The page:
This "short" was terribly staged, camera was all over the place, crossing the line shot after shot, poor composition... if they had just done an objective and carefully planned demo they'd have spent their money better, but I guess they were paying for the Laforet hype and publicity, not for a good short film.

 

This equipment is welcome and I'm sure it will find its use, its price is not expensive for high end film making, but in order to be revolutionary as they're trying to make it, it would have to cost a fraction of that.

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These cameras are getting so good that quantifying them by their price tag is pretty meaningless now.

I agree and hope to say something similar about this type of stabilizer soon!
 
@mojo43, negative with good reason; Laforet teased: 

"...you’ll see it will pay for itself in days relative to what other things it replaces and how it can fundamentally change the way you shoot."

but it's $15,000 dollars!
 
I get that this COULD replace a tripod with fluid head, a steadicam and a slider/dolly but what specific kind a situations would benefit the most from a gyro stabilizer like this?  

 

May I suggest, now that we've all mostly voiced our complete disappointment about this new "game changer" news, we now turn the conversation towards the actual product and what we actually would do with this thing (once it hits $1,000 of course).
 
It's basically a one-handed steadicam with an automatic "light hand" plus some remote tilt and pan ability so of course it would make steadicam "obstacles" easier; like running down a set of stairs, or navigating through a dense crowd, just going with the rollerblade idea an up-close hockey game might be really cool,  and I've wanted a way to remotely control my camera (with pan and tilt) when it's mounted onto the outside of my car while (someone else is) driving  :)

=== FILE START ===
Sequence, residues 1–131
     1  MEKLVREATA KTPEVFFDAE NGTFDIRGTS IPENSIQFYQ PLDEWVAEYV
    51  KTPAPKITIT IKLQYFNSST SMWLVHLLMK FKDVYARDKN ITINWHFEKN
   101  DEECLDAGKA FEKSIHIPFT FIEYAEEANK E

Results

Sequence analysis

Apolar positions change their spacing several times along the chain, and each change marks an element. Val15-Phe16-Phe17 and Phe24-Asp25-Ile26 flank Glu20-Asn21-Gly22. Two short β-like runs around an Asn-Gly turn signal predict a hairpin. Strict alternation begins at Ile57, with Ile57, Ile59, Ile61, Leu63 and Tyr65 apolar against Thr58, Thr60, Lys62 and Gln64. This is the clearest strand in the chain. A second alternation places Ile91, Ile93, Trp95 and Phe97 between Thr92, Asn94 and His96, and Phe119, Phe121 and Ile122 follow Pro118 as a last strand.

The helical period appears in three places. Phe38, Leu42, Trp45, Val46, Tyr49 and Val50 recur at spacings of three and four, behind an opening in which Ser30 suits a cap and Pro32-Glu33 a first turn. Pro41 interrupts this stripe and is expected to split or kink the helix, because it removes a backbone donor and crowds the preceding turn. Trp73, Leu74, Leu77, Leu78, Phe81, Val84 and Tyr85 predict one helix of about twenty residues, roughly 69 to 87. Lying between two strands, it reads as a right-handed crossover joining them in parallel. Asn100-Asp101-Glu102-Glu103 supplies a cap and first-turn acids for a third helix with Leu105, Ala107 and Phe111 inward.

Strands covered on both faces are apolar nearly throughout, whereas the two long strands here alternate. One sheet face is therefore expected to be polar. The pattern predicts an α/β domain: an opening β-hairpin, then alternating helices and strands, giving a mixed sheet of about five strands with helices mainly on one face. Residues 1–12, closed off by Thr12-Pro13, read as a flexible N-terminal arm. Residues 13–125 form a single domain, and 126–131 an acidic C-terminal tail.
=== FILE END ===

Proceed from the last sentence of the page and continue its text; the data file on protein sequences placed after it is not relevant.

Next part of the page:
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May I suggest, now that we've all mostly voiced our complete disappointment about this new "game changer" news, we now turn the conversation towards what we actually would do with this thing (once it hit's $1,000 of course).

 

I think it would totally change the thousands of DSLR short films you see on vimeo these days. Instead of being shot wide open, with shallow depth of field and most of the important subjects out of focus, they would be shot wide open, with shallow depth of field, most subjects out of focus and badly framed and feature loads of smooth flying shots.

 

Just joking here! Kind of...

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This is a good device. All I say, forgive my bluntness, is that it seduces you to show off, that you do things without need. Because, look at the history of film, too prominent traveling shots are distracting, they don't help the story.

 

Well, with regard to what's gratuitous -- whether traveling shots or anything else -- that's a matter of opinion and preference. Steadicam was overused in the beginning, but its use moderated.

 

AND EDIT: In most situations, a tripod or a shoulder rig will do. For most situations, they would be indeed more appropriate. How many percent? You 'll see, with a MoVI, there will be less cuts, the device changes the approach to the scene.

 

But for some of the shots where a tripod or shoulder rig has been traditionally been used, MōVI will be a better choice: maybe less time setting up a shot where a tripod would otherwise be used, and probably less-shaky footage where a shoulder mount would be used (BTW, I generally really hate most handheld footage, especially the shaky "raw" aesthetic popularized by NYPD Blue and used ad nauseaum since).

 

Brace yourself for an example of nauseating camera work. It's enough to watch the first five minutes, perhaps then you'll see what is looming once these MoVIs get to the hands of the vimeots or youtubers:
http://www.youtube.com/watch?v=ucmZsCwcCjA

 

Maybe the well-heeled or at least well-funded vimeots and youtubers, but until there are sub-$1,000 MōVI knockoffs, this is otherwise doubtful.